Kevin Rinker began working in radio 19 years ago at a high-school station in southeast Washington state. Since then, he has worked at Northwest Public Broadcasting in Washington and WABE in Atlanta, where he is operations/production manager.
When I ride my bike by myself, I have a lot of time to think. When I rode my bike from Charlottesville, Virginia, to Wilmington, North Carolina, solo in November of 2019, I thought a lot. While I went on the ride less than two years ago, the country felt far different from today. The 2020 presidential race was in full swing, coronavirus would not exist until a month after I finished the ride, and we were more than a year away from the events that would unfold at the United States Capitol on January 6. I timed the trip between Halloween and Thanksgiving. As such, there were hints of each holiday everywhere I went, from roadside scarecrows and jack-o-lanterns to Happy Thanksgiving yard signs and festive turkey decorations.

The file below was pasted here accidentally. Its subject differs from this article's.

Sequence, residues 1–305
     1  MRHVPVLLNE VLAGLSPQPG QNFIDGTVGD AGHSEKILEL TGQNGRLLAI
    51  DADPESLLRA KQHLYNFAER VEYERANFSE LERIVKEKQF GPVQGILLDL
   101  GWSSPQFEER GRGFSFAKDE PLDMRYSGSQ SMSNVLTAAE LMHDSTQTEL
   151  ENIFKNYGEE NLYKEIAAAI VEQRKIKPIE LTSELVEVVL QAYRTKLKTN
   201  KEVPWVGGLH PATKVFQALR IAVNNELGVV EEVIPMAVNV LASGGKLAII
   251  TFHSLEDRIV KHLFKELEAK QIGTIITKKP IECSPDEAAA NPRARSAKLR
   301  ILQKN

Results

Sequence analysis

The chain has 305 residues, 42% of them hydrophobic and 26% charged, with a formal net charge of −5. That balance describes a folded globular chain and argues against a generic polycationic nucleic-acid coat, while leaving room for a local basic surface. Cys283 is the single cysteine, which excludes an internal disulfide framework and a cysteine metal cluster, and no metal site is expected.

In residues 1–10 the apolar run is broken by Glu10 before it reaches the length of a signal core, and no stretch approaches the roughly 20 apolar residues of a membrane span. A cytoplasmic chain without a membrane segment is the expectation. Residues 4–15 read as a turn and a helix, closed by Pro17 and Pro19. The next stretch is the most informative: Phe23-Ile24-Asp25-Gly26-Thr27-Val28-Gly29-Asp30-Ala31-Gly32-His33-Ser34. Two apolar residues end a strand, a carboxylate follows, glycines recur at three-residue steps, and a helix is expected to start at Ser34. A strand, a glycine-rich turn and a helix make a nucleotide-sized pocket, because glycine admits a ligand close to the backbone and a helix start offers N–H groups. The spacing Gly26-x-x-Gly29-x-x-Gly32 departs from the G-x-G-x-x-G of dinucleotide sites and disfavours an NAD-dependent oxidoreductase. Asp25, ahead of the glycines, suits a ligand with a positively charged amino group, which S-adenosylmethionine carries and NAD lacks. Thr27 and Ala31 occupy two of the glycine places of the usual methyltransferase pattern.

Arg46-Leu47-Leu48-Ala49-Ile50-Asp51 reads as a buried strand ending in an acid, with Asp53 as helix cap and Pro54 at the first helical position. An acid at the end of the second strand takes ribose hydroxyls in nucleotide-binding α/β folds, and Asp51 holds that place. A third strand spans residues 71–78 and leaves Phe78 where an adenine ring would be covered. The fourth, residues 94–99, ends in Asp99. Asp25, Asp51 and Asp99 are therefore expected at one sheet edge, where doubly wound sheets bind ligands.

As I traversed the rural-urban divide, I began to think about the importance of shared traditions to a country like ours. Seeing people celebrate these two holidays regardless of where I was provided a sense of place. Despite political and geographical differences, it still felt like I was in the United States.
While shared traditions like holidays can bring us together, others can drive us apart. The history of racism, sexism and classism in the United States demonstrates how the tradition of allowing discrimination can disenfranchise entire groups (even Thanksgiving is problematic if one looks at its history). The best traditions are those that work to provide support, community or a voice. The vote is one example of giving people a voice.
The act of voting is a shared tradition in the United States, as is the belief that the outcome of the vote — not violence or the refusal to accept the results — will determine the future of our country. News reports compared video footage of the insurrection at the Capitol to images seen coming out of other countries, not the United States. As some refused the tradition of accepting the results of an election, our sense of place, of being in the United States, began to slip away. Will we be able to recognize our country in the aftermath of the next election? Only if we hold on to those traditions that are at the foundation of our democracy, like the vote.